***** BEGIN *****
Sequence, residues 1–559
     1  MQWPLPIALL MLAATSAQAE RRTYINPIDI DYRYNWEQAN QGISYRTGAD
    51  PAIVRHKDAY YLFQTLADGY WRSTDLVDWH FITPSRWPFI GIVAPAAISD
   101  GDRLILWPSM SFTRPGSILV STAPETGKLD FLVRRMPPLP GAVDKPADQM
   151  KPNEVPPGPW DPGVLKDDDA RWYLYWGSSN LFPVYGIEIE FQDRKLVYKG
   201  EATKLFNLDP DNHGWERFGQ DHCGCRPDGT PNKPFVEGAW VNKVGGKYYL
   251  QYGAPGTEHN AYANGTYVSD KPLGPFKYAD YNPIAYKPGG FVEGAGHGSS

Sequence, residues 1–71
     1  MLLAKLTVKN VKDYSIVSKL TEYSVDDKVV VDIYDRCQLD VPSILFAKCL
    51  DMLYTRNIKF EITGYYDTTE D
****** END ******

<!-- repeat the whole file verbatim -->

Sequence, residues 1–559
     1  MQWPLPIALL MLAATSAQAE RRTYINPIDI DYRYNWEQAN QGISYRTGAD
    51  PAIVRHKDAY YLFQTLADGY WRSTDLVDWH FITPSRWPFI GIVAPAAISD
   101  GDRLILWPSM SFTRPGSILV STAPETGKLD FLVRRMPPLP GAVDKPADQM
   151  KPNEVPPGPW DPGVLKDDDA RWYLYWGSSN LFPVYGIEIE FQDRKLVYKG
   201  EATKLFNLDP DNHGWERFGQ DHCGCRPDGT PNKPFVEGAW VNKVGGKYYL
   251  QYGAPGTEHN AYANGTYVSD KPLGPFKYAD YNPIAYKPGG FVEGAGHGSS

Sequence, residues 1–71
     1  MLLAKLTVKN VKDYSIVSKL TEYSVDDKVV VDIYDRCQLD VPSILFAKCL
    51  DMLYTRNIKF EITGYYDTTE D